I’ve always been puzzled by Thomas Jefferson. He was an American Founding Father, the principal author of the Declaration of Independence, and the third President of the United States. He was a worldwide spokesman for democracy and the rights of man, yet he was a slave owner, who seemed impervious to the hypocrisy of his lifestyle.
I recently read a young adult book which addressed this subject. It was titled Jefferson’s Sons, a Founding Father’s Secret Children, by Kimberly Bradley. This is an excellent book. Compelling and well written, it gives the reader a good look at what life was like on a colonial plantation – specifically Jefferson’s Monticello.
The author contends that Jefferson had four living children by Sally Hemmings – one of his slaves, and goes on to tell the story through the eyes of these children. While I realize there is some controversy as to the truth of this claim, it doesn’t look good for Jefferson. DNA tests have proven that at least one of Hemming’s children was his. Three of the children were essentially white in appearance, and all bore a marked resemblance to Jefferson.
While all Hemming’s children worked alongside the other slaves and lived in the slave quarters with their mother, they were given privileges that other slaves were not. Though never publicly acknowledged by their father, Hemming’s children enjoyed music lessons, better food and clothing, and a promise of freedom when they reached 18.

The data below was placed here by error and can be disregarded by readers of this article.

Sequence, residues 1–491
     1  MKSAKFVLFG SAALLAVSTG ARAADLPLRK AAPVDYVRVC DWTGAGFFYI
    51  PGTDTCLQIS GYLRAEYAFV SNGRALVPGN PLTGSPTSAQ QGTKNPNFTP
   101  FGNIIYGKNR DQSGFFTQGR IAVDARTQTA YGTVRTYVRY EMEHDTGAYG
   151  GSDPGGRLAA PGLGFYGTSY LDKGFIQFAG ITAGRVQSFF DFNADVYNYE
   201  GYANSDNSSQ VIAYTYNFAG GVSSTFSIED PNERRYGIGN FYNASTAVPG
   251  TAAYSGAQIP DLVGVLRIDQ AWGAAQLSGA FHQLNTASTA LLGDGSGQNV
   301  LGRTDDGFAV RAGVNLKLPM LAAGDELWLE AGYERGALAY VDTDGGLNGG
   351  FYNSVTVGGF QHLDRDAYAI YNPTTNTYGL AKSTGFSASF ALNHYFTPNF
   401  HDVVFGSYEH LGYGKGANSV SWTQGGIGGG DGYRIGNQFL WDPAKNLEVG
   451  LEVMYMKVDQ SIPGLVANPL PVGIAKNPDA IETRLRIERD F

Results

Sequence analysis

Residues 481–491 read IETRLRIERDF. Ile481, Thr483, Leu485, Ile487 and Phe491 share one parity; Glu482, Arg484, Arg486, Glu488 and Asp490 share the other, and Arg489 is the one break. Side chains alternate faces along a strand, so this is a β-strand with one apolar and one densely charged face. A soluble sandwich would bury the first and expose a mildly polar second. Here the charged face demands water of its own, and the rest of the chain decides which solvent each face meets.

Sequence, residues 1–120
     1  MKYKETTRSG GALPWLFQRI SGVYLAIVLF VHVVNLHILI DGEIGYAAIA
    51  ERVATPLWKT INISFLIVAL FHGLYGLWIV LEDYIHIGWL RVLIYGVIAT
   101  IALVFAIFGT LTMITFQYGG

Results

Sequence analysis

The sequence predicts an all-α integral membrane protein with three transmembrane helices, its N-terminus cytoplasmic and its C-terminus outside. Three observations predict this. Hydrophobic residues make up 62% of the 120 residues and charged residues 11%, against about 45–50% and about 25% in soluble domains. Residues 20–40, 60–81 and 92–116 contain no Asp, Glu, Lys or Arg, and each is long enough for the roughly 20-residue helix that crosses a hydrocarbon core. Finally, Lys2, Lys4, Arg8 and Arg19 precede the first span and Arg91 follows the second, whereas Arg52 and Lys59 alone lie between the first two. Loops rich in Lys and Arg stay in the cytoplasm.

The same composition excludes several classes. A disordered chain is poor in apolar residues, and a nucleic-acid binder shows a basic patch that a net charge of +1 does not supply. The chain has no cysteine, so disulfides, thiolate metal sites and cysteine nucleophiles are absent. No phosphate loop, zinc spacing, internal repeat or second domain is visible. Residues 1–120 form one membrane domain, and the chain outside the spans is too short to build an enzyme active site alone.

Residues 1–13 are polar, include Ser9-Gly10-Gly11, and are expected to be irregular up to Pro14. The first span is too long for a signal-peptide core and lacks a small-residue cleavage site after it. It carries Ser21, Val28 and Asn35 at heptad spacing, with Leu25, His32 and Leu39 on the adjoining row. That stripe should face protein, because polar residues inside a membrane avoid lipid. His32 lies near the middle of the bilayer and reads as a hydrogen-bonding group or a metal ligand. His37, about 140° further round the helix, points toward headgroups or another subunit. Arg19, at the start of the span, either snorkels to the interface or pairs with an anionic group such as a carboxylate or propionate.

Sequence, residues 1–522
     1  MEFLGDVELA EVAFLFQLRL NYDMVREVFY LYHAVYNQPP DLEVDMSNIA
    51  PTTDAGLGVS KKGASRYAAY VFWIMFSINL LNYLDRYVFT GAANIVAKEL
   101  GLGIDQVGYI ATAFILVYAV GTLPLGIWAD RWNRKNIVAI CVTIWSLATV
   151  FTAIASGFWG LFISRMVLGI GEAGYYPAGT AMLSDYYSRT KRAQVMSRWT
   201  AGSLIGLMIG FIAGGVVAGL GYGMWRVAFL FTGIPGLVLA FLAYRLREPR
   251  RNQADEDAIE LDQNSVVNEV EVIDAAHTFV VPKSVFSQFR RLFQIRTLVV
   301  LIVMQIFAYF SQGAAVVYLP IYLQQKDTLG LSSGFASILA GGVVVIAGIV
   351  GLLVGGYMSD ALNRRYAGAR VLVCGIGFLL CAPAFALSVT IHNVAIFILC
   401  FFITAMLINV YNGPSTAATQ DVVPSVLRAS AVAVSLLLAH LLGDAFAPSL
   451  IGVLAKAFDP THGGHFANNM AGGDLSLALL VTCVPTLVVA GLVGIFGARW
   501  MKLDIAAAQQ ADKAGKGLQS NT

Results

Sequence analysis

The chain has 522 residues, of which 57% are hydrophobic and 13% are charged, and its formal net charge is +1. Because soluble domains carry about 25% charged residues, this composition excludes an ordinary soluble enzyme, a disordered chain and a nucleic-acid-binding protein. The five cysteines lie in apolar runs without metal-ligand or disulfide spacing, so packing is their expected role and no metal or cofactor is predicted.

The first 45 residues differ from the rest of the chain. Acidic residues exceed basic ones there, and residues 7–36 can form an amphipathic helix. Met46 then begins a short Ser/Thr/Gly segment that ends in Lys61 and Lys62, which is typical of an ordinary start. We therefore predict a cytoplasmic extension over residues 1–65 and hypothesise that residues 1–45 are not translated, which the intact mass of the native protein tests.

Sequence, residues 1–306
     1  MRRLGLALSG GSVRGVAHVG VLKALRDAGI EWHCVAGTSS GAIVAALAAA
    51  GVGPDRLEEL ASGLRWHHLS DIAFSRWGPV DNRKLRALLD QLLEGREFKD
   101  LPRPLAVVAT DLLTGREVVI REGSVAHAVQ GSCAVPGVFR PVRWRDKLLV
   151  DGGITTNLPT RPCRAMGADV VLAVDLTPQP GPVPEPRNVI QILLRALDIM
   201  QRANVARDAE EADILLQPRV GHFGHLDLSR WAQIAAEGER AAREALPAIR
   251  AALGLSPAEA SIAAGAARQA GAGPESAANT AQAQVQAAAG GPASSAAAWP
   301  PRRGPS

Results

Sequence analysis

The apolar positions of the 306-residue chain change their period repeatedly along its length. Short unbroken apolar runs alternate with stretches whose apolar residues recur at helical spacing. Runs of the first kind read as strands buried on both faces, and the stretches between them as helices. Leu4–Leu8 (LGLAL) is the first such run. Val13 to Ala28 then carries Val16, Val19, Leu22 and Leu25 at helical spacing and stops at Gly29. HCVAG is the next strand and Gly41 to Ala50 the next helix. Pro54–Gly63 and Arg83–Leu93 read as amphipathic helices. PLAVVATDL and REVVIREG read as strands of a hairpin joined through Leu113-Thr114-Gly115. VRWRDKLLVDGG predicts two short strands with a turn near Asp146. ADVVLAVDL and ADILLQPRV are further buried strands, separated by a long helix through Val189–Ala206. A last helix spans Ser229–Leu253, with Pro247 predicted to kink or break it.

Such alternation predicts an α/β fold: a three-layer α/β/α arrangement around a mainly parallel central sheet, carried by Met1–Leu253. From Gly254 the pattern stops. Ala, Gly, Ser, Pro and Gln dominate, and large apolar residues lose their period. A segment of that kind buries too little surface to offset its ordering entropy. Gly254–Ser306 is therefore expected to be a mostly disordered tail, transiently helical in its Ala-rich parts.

I think the telling point here is that despite their lives of relative privilege, all 4 children left the plantation as soon as they were able. What this says to me is that any type of slavery, no matter how loosely enforced is still intolerable. Thomas Jefferson may have been a great leader and orator, but this blot on his reputation is a hard one to ignore. In the end, our actions speak louder than our words.
For another side of Thomas Jefferson:
- 19 Famous Thomas Jefferson ‘Quotes’ That He Actually Never Said At All (businessinsider.com)
- Conduct Unbecoming a Philosopher (geopolicraticus.wordpress.com)